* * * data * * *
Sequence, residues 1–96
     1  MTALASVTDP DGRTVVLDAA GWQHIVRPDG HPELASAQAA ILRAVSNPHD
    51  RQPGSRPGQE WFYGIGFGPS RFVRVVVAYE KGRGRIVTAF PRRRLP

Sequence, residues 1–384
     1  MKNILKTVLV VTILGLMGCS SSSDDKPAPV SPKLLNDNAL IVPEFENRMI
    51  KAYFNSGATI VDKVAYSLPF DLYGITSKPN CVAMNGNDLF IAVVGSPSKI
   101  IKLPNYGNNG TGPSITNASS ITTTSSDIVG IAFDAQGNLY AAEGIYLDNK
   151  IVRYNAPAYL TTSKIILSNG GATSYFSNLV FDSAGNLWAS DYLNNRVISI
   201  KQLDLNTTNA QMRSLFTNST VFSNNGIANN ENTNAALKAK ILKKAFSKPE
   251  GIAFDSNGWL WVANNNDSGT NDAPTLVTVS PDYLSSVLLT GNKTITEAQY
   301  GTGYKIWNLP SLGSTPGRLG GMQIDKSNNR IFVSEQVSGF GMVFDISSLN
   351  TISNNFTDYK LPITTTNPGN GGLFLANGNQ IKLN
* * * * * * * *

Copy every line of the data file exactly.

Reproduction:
Sequence, residues 1–96
     1  MTALASVTDP DGRTVVLDAA GWQHIVRPDG HPELASAQAA ILRAVSNPHD
    51  RQPGSRPGQE WFYGIGFGPS RFVRVVVAYE KGRGRIVTAF PRRRLP

Sequence, residues 1–384
     1  MKNILKTVLV VTILGLMGCS SSSDDKPAPV SPKLLNDNAL IVPEFENRMI
    51  KAYFNSGATI VDKVAYSLPF DLYGITSKPN CVAMNGNDLF IAVVGSPSKI
   101  IKLPNYGNNG TGPSITNASS ITTTSSDIVG IAFDAQGNLY AAEGIYLDNK
   151  IVRYNAPAYL TTSKIILSNG GATSYFSNLV FDSAGNLWAS DYLNNRVISI
   201  KQLDLNTTNA QMRSLFTNST VFSNNGIANN ENTNAALKAK ILKKAFSKPE
   251  GIAFDSNGWL WVANNNDSGT NDAPTLVTVS PDYLSSVLLT GNKTITEAQY
   301  GTGYKIWNLP SLGSTPGRLG GMQIDKSNNR IFVSEQVSGF GMVFDISSLN
   351  TISNNFTDYK LPITTTNPGN GGLFLANGNQ IKLN